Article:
What To Do If You’re In a Car Accident Without Insurance But Not At Fault In Louisiana

Driving without insurance is a serious offense in Louisiana—and if you’re in an accident while uninsured, you could lose your license.
Written by Claire Beaney
Reviewed by Shannon Martin
, you could face serious repercussions for causing an accident while driving without
car insurance
. While you can file a claim with the other driver's insurance company if you weren't at fault, you won't get paid until your damages exceed a certain threshold, and you'll also be subject to the state’s severe penalties. 
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What to do if you’re in a car accident without insurance in Louisiana and not at fault

In Louisiana, driving without auto insurance is a crime that can lead to a hefty fine and additional legal trouble in the event of an accident. If you’re in a car accident in Louisiana and do not have insurance, follow these steps.
Before anything else, do not leave the scene of the accident. If you don't have insurance, you might be tempted to leave the area. However, doing so will get you into a lot more trouble! Even if you have insurance and are not at fault, leaving the scene of an accident is a serious crime in Louisiana.
If you leave, you could receive the following: 
  • A $500 fine and up to six months in jail if the accident caused property damage
  • A $10,000 fine and up to three years in jail if the accident caused minor injuries
  • A felony
    hit-and-run charge in Louisiana
    and up to 10 years in jail if the collision results in death or serious injury
If you are involved in an accident and don't have insurance, keep calm and remain at the scene. When it's safe to do so, pull over and inspect yourself, any passengers, and everyone else involved in the accident for injuries. Dial 911 if you need to and swap information with the other driver, including your license number. Gather as much evidence as possible, like photos and witness statements—down the line, this information may help you if you have to go to court.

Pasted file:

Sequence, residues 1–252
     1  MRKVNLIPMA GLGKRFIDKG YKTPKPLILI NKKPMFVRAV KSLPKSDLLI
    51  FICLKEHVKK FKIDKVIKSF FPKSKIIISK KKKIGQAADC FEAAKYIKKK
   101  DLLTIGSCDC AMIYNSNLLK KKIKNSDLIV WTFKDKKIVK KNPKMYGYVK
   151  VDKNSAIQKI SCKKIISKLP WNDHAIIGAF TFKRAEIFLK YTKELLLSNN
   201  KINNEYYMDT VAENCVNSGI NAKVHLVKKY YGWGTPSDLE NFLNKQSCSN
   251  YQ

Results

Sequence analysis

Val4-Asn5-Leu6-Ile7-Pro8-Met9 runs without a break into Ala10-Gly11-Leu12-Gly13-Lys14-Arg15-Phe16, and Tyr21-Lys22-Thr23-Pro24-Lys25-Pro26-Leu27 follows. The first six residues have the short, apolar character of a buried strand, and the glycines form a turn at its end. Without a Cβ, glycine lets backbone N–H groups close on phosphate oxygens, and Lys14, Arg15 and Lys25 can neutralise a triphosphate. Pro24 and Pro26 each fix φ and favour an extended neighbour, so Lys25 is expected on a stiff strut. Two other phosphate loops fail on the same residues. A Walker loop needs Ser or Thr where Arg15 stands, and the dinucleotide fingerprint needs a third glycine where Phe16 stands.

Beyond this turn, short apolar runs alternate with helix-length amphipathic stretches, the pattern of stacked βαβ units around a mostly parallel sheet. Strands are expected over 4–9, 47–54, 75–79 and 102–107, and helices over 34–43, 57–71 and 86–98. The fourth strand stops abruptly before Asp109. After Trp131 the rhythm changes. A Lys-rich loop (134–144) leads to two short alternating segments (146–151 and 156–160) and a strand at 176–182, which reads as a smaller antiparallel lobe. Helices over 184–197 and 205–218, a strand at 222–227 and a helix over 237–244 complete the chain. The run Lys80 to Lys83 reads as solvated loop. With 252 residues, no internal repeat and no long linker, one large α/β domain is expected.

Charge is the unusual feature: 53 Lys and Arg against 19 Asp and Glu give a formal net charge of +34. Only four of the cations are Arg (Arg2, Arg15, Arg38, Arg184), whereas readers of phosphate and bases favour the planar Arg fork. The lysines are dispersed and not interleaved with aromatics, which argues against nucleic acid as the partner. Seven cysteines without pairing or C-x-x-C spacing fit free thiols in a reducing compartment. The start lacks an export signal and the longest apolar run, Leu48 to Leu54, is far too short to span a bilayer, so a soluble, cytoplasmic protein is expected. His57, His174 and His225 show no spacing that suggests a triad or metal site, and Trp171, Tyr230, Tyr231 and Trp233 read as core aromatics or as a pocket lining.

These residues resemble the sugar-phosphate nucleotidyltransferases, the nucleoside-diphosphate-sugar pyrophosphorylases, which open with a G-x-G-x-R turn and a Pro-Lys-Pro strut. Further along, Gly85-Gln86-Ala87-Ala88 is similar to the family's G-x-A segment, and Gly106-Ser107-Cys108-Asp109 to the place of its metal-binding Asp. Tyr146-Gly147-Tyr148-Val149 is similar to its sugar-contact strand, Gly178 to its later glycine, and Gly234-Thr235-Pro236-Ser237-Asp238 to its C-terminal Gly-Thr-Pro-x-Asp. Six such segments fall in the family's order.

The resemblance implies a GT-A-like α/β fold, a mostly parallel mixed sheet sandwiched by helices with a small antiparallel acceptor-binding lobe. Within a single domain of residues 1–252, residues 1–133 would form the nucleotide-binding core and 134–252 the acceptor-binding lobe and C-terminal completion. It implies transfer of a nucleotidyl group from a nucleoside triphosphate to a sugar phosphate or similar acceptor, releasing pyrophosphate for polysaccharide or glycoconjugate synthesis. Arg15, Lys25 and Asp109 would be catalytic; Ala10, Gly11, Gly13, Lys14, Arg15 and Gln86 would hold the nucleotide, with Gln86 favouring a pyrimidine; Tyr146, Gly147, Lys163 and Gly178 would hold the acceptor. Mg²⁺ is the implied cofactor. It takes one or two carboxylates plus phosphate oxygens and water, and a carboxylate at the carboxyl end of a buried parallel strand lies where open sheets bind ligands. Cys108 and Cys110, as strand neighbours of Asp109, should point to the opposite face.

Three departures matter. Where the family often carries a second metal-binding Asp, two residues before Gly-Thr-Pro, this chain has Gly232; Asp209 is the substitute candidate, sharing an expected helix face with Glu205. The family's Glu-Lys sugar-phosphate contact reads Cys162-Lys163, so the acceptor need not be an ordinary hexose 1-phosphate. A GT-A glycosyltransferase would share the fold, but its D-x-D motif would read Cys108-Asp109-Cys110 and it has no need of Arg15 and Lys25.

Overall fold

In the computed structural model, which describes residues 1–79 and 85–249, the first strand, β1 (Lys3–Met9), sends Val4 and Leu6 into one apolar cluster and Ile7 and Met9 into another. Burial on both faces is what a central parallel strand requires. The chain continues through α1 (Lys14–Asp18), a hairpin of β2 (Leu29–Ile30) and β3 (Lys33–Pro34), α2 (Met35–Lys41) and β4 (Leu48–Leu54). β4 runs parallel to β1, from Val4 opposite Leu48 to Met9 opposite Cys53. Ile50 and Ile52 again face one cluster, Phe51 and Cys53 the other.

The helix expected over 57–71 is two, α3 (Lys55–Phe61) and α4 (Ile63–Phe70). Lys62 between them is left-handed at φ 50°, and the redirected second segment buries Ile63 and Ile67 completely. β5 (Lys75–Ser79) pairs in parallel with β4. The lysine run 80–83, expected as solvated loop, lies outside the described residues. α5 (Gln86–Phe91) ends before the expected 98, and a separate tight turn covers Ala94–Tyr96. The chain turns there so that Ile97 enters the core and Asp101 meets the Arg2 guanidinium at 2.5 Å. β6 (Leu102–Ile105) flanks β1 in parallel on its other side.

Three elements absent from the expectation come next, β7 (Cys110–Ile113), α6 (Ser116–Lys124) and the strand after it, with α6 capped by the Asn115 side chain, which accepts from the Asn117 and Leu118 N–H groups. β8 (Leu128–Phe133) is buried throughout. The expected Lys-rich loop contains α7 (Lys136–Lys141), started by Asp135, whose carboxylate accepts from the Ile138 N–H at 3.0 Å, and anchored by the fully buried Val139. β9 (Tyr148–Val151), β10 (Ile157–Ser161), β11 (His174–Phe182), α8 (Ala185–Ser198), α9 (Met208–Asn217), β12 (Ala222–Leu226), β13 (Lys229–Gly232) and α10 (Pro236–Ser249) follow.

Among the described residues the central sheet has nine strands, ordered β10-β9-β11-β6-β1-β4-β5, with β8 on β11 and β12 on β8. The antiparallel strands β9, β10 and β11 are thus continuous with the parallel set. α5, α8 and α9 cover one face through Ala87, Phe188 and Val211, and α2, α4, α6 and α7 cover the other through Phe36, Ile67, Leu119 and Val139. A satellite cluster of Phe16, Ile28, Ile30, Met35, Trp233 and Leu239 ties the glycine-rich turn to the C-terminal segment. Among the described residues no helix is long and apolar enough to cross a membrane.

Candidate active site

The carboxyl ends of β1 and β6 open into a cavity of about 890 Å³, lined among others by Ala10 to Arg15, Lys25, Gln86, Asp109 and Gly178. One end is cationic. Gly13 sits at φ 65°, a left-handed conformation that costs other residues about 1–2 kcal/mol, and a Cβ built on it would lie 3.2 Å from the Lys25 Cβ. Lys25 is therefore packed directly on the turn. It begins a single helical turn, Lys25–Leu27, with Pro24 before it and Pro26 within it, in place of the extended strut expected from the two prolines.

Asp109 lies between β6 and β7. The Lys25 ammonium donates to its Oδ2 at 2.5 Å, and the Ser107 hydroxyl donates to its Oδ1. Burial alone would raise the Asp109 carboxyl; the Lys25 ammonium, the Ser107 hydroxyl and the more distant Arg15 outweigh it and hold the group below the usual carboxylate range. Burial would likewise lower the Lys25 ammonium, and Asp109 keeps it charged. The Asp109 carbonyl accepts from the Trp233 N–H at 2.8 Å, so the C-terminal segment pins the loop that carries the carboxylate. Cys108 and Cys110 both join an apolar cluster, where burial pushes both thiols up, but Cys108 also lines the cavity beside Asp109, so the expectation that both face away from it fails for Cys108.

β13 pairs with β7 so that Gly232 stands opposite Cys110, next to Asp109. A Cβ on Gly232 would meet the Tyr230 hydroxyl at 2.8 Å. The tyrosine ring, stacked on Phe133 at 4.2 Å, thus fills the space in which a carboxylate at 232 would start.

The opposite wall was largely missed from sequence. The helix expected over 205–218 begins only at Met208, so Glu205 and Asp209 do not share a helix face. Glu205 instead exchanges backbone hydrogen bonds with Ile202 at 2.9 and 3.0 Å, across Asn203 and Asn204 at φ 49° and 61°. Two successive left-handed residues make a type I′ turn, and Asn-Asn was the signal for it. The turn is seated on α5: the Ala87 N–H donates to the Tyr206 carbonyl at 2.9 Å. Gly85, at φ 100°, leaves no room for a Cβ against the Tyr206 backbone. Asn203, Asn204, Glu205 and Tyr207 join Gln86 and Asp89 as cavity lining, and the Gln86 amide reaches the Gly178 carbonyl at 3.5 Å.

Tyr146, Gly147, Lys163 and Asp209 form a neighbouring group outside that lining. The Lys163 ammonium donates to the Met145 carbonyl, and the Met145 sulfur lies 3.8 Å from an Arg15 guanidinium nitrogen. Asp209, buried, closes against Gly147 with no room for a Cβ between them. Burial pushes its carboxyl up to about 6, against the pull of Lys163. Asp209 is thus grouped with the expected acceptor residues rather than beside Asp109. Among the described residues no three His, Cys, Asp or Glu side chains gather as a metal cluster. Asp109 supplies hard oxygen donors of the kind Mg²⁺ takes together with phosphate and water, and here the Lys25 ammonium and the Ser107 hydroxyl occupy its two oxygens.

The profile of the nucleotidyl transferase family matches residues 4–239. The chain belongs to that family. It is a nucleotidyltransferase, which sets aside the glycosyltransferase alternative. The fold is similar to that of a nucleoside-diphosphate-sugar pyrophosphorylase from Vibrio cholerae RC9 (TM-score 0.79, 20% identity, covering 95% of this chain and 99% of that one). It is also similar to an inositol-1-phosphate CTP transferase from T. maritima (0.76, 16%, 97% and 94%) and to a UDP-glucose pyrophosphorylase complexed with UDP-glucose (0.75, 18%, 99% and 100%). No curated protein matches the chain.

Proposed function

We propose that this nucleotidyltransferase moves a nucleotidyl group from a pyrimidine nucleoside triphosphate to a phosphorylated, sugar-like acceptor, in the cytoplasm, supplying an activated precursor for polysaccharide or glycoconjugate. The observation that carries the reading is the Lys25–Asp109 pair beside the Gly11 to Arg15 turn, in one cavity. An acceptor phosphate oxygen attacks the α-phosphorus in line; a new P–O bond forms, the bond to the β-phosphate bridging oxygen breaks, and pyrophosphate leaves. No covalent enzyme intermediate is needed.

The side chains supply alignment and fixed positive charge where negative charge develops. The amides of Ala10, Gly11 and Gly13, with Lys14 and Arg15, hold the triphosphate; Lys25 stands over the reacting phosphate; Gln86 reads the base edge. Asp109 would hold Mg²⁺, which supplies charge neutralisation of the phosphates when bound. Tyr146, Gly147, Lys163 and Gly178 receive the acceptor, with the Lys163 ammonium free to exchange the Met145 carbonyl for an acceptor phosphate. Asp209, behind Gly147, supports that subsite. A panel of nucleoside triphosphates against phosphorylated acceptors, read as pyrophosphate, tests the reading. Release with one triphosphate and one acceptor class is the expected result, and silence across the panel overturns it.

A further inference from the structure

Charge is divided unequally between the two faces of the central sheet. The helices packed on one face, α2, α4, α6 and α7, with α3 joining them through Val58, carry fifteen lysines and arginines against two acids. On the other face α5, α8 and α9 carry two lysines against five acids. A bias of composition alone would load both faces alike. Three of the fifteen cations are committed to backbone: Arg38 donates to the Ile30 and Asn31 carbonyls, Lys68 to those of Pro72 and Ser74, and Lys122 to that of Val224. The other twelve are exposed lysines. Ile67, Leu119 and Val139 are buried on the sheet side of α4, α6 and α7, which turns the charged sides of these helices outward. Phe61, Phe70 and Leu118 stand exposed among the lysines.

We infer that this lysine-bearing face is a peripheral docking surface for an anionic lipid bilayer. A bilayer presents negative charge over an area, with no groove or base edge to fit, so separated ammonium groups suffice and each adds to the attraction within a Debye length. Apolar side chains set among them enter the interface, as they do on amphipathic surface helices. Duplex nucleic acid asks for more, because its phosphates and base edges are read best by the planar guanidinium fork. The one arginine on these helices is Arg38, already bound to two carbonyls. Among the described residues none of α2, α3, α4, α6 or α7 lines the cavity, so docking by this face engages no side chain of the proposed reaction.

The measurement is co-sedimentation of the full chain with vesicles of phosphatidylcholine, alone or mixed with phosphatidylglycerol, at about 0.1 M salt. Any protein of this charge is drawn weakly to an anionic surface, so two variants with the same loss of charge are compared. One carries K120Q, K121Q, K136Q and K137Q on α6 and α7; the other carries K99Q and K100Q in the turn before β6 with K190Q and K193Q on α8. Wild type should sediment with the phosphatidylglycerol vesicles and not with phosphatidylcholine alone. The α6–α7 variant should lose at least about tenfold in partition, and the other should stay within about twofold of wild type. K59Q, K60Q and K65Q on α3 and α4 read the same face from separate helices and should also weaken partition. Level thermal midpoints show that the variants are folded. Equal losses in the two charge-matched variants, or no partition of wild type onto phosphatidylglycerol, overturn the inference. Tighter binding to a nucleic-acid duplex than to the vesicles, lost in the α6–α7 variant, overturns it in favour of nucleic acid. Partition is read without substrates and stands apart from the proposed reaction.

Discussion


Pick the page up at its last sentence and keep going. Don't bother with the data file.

However, Louisiana's "No Pay, No Play" law means you will face financial consequences even if you are not at fault. Because of this law, you are not permitted to use the other driver's auto insurance for the first $15,000 in personal injuries and the first $25,000 in property damage. Instead, you must pay these costs out of pocket before the other driver's insurance will cover them.

Who decides fault in a car accident in Louisiana?

If law enforcement is called to the scene of an accident, their report will be helpful to insurance companies in determining fault. But the insurance company will ultimately decide who is at fault for an accident, regardless of who gets a ticket or what the police report says.
In the event of an accident where you were not at fault while uninsured, you will need to file a claim with their insurance company and prove that the other party was at fault. This is when those pictures and eye-witness statements and contact information will be useful. Photographs can help prove that you weren't at fault and are not financially responsible for the other driver's expenses.

Do you need to report a car accident in Louisiana? 

Only in some cases. If there were no injuries or fatalities and the property damage was less than $500, you are not required to report the accident to the police; leaving the scene is still considered a criminal offense.
However, you are required to notify the authorities within 24 hours of any collision that results in injuries or death, or property damage totaling $500 or more; if the damages to any one person's property exceed $100, you must additionally submit a report with the Department of Motor Vehicles (DMV).

What if you’re at fault?

There can be serious repercussions if you cause an accident without insurance and are found to be at fault. Since Louisiana is a comparative negligence state, if you cause an accident and another driver sustains damages, you will be held liable for your portion of those damages, and the other driver may sue you to recover the costs.
If you are caught driving without insurance after an accident, you will face harsh legal consequences, including fines between $500-$1,000 and a mandatory 180-day license suspension. In addition, your vehicle may be impounded and your license plates canceled.

What if you’re hit by an uninsured driver in Louisiana?

What if you have insurance but the other driver does not? If the at-fault driver is uninsured, you'll have to go after them directly for compensation, but hopefully you won’t have to.